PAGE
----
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Available from: Tony J Simon, Oct 04, 2015
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    • "It is notable that for task performance, we found more in common between each group of girls with a NDD than not, which suggests that the attentional impairments seen here are more than superficial commonalities. Determining the extent to which these commonalities overlap with neuroanatomical findings [90] is an important avenue of future study. "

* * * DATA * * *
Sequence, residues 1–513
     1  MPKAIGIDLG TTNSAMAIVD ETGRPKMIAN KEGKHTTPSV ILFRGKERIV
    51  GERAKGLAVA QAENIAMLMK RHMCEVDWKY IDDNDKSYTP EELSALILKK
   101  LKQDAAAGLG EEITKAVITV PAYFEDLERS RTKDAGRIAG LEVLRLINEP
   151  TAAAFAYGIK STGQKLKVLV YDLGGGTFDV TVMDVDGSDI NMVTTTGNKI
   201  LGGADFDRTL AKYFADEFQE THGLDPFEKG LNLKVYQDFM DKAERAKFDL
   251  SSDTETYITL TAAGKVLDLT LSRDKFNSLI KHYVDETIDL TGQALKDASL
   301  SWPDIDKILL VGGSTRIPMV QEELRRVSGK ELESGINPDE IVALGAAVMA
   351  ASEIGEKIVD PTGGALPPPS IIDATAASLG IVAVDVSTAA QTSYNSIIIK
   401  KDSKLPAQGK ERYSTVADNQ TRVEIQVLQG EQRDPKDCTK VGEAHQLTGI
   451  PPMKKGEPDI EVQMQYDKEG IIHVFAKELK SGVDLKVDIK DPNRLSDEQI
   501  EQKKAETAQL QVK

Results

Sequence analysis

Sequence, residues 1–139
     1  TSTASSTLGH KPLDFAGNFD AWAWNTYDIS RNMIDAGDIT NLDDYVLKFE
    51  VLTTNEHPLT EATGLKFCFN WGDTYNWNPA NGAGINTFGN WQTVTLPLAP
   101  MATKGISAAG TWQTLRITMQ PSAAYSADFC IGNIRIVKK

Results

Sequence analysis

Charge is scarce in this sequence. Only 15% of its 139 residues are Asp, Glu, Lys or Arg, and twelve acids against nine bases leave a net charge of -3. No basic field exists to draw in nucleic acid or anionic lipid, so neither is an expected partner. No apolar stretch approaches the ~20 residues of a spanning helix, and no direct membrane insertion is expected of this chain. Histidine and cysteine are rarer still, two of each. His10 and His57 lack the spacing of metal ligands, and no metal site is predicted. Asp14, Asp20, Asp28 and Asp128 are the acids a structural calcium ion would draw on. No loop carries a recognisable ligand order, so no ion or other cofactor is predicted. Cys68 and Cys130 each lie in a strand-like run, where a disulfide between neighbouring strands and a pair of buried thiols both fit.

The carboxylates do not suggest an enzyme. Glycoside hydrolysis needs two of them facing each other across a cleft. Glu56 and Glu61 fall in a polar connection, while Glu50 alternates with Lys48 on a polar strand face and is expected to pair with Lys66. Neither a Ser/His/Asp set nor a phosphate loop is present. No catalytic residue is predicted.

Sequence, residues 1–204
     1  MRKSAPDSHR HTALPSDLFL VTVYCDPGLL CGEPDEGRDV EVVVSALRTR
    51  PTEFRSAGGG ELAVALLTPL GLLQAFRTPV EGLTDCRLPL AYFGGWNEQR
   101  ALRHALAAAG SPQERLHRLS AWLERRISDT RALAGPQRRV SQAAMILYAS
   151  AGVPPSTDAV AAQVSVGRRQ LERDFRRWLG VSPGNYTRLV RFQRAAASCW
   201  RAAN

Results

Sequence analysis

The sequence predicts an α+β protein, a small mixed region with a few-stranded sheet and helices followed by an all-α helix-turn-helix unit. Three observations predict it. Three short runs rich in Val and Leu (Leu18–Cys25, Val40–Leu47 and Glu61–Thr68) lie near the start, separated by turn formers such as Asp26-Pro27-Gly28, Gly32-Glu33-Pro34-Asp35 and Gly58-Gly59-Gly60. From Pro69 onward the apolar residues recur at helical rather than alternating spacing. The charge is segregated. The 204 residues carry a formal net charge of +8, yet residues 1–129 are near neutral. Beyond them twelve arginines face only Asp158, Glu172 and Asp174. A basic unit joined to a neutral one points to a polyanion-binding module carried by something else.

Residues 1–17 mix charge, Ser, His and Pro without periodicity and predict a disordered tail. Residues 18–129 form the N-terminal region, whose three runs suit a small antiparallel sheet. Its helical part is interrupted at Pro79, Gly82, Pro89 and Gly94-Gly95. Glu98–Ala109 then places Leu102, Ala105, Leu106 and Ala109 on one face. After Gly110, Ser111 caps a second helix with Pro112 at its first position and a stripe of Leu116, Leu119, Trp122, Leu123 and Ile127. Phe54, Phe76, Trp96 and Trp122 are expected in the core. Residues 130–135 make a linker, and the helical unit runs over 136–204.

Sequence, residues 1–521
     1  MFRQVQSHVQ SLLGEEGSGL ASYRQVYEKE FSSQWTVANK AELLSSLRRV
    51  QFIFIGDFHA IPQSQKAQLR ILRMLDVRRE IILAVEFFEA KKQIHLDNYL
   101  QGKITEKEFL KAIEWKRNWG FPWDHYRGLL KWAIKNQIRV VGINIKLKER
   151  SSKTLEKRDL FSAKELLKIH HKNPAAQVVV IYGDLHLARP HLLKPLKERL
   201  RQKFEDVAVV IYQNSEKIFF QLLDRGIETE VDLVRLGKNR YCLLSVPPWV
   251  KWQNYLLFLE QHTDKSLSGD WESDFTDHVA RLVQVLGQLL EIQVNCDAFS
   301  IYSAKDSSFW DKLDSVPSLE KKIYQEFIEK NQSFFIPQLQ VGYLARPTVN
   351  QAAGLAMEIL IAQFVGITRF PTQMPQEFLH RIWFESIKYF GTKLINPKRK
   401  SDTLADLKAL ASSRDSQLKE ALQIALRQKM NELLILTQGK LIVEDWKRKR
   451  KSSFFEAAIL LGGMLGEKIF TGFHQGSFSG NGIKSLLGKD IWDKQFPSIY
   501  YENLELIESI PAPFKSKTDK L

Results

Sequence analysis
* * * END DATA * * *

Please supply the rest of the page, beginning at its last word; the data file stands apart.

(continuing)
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    ABSTRACT: Chromosome 22q11.2 deletion syndrome (22q11.2DS), fragile X syndrome (FXS), and Turner syndrome (TS) are complex and variable developmental syndromes caused by different genetic abnormalities; yet, they share similar cognitive impairments in the domains of numbers, space, and time. The atypical development of foundational neural networks that underpin the attentional system is thought to result in further impairments in higher-order cognitive functions. The current study investigates whether children with similar higher-order cognitive impairments but different genetic disorders also show similar impairments in alerting, orienting and executive control of attention. Girls with 22q11.2DS, FXS, or TS and typically developing (TD) girls, aged 7 to 15 years, completed an attention network test, a flanker task with alerting and orienting cues. Exploration of reaction times and accuracy allowed us to test for potential commonalities in attentional functioning in alerting, orienting and executive control. Linear regression models were used to test whether the predictors of group and chronological age were able to predict differences in attention indices. Girls with 22q11.2DS, FXS, or TS demonstrated unimpaired function of the alerting system and impaired function of the executive control system. Diagnosis-specific impairments were found such that girls with FXS made more errors and had a reduced orienting index, while girls with 22q11.2DS showed specific age-related deficits in the executive control system. These results suggest that the control but not the implementation of attention is selectively impaired in girls with 22q11.2DS, TS or FXS. Additionally, the age effect on executive control in girls with 22q11.2DS implies a possible altered developmental trajectory.